Guests explore Star Wars: Galaxy's Edge at Disneyland Park in Anaheim, California, May 29 2019. Picture: REUTERS/MARIO ANZUONI
Guests explore Star Wars: Galaxy's Edge at Disneyland Park in Anaheim, California, May 29 2019. Picture: REUTERS/MARIO ANZUONI

Los Angeles — Walt Disney shares took their worst tumble in nearly four years after the opening of the most highly anticipated theme-park attraction in the company’s history fell flat, hammering results in its latest quarter.

Profit at the company’s domestic resorts slumped in the period, which was marked by the ballyhooed opening of Star Wars: Galaxy’s Edge, the largest addition ever to the Disneyland resort in Anaheim, California. A second version of the space-themed park opens in Florida this month.

The report came after markets closed on Tuesday, and the entertainment titan’s high-flying shares fell as much as 6.8%, the most since August 2015, to $132.26 in New York trading on Wednesday.

The earnings shortfall was a shock to investors who were counting on Disney’s market-dominating theme parks and films to shoulder the burden of growth as the company goes head to head with Netflix in streaming. Spending on movies and TV shows for new online services led to a $553m loss in Disney’s direct-to-consumer division.

Last quarter, the company released Avengers: Endgame, the highest-grossing movie of all time, as well as Aladdin and Toy Story 4. But Dark Phoenix, a Marvel movie inherited in the $71bn acquisition of Fox assets, spoiled the party, and the company took a write-off on the film.

Christine McCarthy, Disney’s CFO, acknowledged on a call on Tuesday that fewer annual pass holders visited the company’s California resort. She also said some potential visitors to Florida parks put off their trips to await the opening of the new Star Wars land there.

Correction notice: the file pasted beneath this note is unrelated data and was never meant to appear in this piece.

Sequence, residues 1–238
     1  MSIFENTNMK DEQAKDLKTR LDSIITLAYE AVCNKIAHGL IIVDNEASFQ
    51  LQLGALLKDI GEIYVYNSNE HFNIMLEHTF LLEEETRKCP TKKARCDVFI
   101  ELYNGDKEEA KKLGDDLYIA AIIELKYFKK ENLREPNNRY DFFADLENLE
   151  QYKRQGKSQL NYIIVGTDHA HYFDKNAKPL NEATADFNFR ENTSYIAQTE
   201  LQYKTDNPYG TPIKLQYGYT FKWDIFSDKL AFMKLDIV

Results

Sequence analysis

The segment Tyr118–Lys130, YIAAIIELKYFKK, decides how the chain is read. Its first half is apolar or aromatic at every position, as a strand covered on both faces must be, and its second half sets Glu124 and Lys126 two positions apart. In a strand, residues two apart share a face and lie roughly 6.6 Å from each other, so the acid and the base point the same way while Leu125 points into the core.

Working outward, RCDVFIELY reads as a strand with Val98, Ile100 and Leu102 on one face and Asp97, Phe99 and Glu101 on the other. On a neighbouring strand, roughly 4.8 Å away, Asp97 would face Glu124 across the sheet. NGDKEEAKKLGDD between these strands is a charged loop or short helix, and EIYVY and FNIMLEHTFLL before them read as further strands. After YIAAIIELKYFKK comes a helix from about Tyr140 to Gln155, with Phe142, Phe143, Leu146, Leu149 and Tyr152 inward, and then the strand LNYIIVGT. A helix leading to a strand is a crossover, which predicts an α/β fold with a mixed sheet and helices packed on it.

Disney shares were up 29% this year up to Tuesday’s close, compared with 15% for the S&P 500 index, even though the California-based company had warned of high costs in the years ahead as it presses into streaming.

As the Star Wars park opening approached, Disney tried to manage an anticipated surge in crowds at its California resort. For example, the company allowed only those with reservations to enter the attraction for the first three weeks. But social media was aflutter with images of lightly walked streets and short waits for attractions. Sales of Star Wars merchandise slumped, the company said on Tuesday.

CEO Bob Iger had said he didn’t even need to advertise the new attraction, since anticipation among Star Wars movie fans was so high. But the company has since stepped up promotions of Galaxy’s Edge park on billboards and social media. Disney also lifted restrictions on employees attending the attractions and introduced some discount pricing for season pass holders.

Big miss

It all added up to a big miss for the usually reliable entertainment giant.

Disney’s profit, excluding some items, slumped to $1.35 a share in the quarter ended June 29, missing the $1.75 average of analysts’ estimates compiled by Bloomberg. Revenue missed forecasts by more than $1bn, with the company saying the lower attendance led to reduced profit at its domestic parks.

“The market will be disappointed with the top- and bottom-line misses,” said Richard “Trip” Miller, founder of Gullane Capital Partners. “This is a transition quarter for Disney, as they onboard Fox assets and spend capital to invest in the three direct-to-consumer products.”

Profit at the TV division, Disney’s biggest, rose 15%, buoyed by the cable division, which absorbed Fox channels including FX and National Geographic. Disney incurred restructuring charges of $207m related to the Fox acquisition following the first full quarter of ownership.

Iger said he had no long-term concerns about the Star Wars attractions. “There was tremendous concern in the marketplace that there was going to be huge crowding when we opened Galaxy’s Edge and so some people stayed away,” he said on a conference call. “All the local hotels in the region, expecting an influx of visitation, raised their prices. So it simply got more expensive to come stay in Anaheim.”

Disneyland’s own price increases also may have kept crowds at bay, he said. “We feel great about the product. It could just take some time for things to work themselves out.”

With Kamaron Leach

Bloomberg